“Many of the 600 or so recycling plants across the United States and Canada have reinvested in technology that can spot the K-cup pods and divert them toward reuse.”
In addition: “Keurig is in the process of changing the makeup of its K-cups from polystyrene to polypropylene.”

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Two Buck Chuck: What Makes it So Cheap?

Business Insider: “Trader Joe’s wine is remarkably cheap. A bottle of the grocery store’s most popular wine brand, Charles Shaw (aka Two Buck Chuck, made by Bronco Wine) sells for less than $3.” What makes it so inexpensive? #1: “Most of the company’s vineyards are located in California’s San Joaquin Valley, where the cost of land is much cheaper than the more prestigious Sonoma or Napa Valley … Higher average temperatures in San Joaquin Valley can over-ripen grapes, which is a main contributor to the price difference between the regions.”

#2: “The company ferments wine with oak chips, which are cheaper than barrels.” #3: “The company uses … a mold of cork pieces glued together with a ‘real cork veneer at the bottom’.” #4: “Making wine in huge quantities keeps production costs low … The company uses machines to harvest the grapes, which helps keep labor costs low, but also increases the chances that bad grapes end up in the wine … Critics argue that mass production is also how animal matter can end up in your wine glass. But to be fair, there’s a chance of that happening with most agricultural products.”

#5: “Bronco cuts shipping costs by using lightweight bottles and cheap cartons … The lighter glass reduces the weight of a case of wine by several pounds, meaning Bronco can ship more wine at a time. Bronco also lowered the cost of its shipping cartons by a few pennies by replacing the white paper it was using with a light brown paper.”

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Redbro Chickens: Slow Growth, Better Taste

The New York Times: “Perdue Farms, one of the country’s largest chicken producers, has been raising what are known as slow-growth chickens side by side with the breeds that have made the company so successful. The new birds, a variety known as Redbro, take 25 percent longer, on average, to mature than their conventional cousins, and so are more expensive to raise.”

“Perdue is trying to find just the right slow-growth breed, and it has a strong incentive: A fast-growing cohort of companies that buy vast quantities of poultry, including Whole Foods Market and Panera Bread, are demanding meat from slow-growth chickens, contending that giving birds more time to grow before slaughter will give them a healthier, happier life — and produce better-tasting meat.”

“Consumers would … have to accept some trade-offs: While the new chickens have a fuller flavor, their meat tends to be distributed differently over the body, with more generous thighs and smaller breasts than the chicken most Americans are used to … In marketing slow-growth chickens, Perdue and others will have to make consumers understand why they are paying a higher price … the suggested retail price of a Sonoma Red (from Perdue’s Petaluma Poultry) that weighs four pounds is $16.”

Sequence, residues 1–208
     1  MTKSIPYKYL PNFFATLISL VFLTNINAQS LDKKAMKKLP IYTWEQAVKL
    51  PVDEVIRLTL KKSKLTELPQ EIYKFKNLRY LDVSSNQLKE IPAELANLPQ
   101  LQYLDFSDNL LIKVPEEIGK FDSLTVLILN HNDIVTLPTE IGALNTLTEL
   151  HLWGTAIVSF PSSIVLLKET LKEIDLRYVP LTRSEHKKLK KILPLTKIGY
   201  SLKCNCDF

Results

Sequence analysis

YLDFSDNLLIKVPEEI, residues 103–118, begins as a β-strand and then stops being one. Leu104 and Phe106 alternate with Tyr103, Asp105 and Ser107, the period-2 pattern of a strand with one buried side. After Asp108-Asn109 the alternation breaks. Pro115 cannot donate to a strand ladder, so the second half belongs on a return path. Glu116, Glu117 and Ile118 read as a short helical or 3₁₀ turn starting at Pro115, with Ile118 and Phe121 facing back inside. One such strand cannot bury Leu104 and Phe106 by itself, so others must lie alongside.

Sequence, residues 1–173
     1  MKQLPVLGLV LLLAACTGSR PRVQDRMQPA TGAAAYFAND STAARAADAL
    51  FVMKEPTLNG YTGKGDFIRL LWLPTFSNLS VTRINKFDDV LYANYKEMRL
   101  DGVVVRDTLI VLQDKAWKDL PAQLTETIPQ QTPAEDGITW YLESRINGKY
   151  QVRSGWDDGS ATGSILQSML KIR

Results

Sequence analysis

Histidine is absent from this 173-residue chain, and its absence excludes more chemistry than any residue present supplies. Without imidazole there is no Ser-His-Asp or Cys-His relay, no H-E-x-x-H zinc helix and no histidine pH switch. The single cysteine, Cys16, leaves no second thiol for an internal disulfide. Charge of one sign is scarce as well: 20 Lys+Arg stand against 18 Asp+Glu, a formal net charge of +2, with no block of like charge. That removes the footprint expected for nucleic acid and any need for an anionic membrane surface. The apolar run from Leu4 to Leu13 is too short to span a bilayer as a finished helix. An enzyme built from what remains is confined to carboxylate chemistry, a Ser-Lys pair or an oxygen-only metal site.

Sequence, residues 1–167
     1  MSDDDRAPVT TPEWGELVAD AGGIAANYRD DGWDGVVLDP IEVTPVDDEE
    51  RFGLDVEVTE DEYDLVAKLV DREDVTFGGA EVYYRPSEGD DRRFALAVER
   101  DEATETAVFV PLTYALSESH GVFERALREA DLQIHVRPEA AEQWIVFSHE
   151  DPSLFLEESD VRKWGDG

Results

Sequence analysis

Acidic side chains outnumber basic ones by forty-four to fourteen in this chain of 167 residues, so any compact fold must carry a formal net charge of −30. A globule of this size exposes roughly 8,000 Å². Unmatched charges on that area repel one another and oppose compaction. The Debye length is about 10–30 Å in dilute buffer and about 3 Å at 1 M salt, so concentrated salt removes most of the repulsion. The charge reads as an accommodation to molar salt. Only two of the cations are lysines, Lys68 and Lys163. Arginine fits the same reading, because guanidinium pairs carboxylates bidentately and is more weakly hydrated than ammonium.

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Fresh Squeeze: Packaged Goods Retreat at Retail

Wall Street Journal: “ShopRite and other grocery-store chains around the country are building new stores that have less space for traditional packaged foods in the center aisles and more for in-store restaurants and fresh meals shoppers can take home … That means less space for traditional packaged-food brands, which are also facing increased competition from store brands and smaller upstarts.”

“The shift in shopper preferences started several years ago, but its impact on big food makers is intensifying now because of added pressure from retailers. That has exacerbated what has been a drumbeat of bad news for packaged-goods companies grappling with American consumers’ sustained move toward natural, organic foods. A long stretch of falling food prices, fueled by excess supplies of staples like meat and dairy, have also lowered costs for consumers at supermarkets, giving them more reason to choose fresh food over boxed meals.”

“Some brands are seeking ways to get their products into the fresh and prepared foods section of the store … (however) retailers such as Wal-Mart Stores Inc. are pressuring big brands to lower their prices as a way to attract customers. Companies like Hershey and PepsiCo Inc. said they are working with retailers to be creative.” PepsiCo CEO Indra Nooyi comments: “That’s a conversation we’ve been having with some of the retailers, to say ‘how can we help you rethink the center store so that we can bring growth back … Our hope is that with the rejuvenation of the center store, our categories will grow, too.”

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Little Damage: Almond Charcoal Ice Cream!

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April Lavalle: “Little Damage Ice Cream Shop in Los Angeles, California is flipping the bird at all those ‘unicorn’-inspired sweet treats by creating a frozen confection that will take you to the dark side.Their pitch-black, almond-charcoal flavored soft serve ice cream is taking Instagram by storm, and it will definitely inject a little Halloween into your favorite summer treat.”

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#SecondBreakfast: Multiple Morning Meals

The Wall Street Journal: “Americans in recent years have adopted the practice by eating multiple small meals in the morning … Americans still typically eat around 8 a.m., noon and 6 p.m., but upticks in eating are also happening before and after the traditional breakfast time … The increasing popularity of multiple breakfasts is boosting sales of convenient breakfast foods.”

“Second breakfasts tend to be smaller and slightly more savory than first breakfasts, says Jeanine Bassett, vice president of global consumer insights at General Mills Inc. … This year the company launched Yoplait Dippers, a line of Greek yogurts packaged with snacks for dipping. Vanilla bean yogurt comes with oat crisps; chipotle ranch yogurt with tortilla chips.”

“The Wonderful Co.’s pistachios are usually eaten in the afternoon, but the company aims to expand into what it sees as the fast-growing morning-eating time … To boost easy workplace eating, this month the company is rolling out its first pistachio snack packs, in 1.5 ounce portions, and a new campaign emphasizing the nut’s high protein and fiber content and low calories.”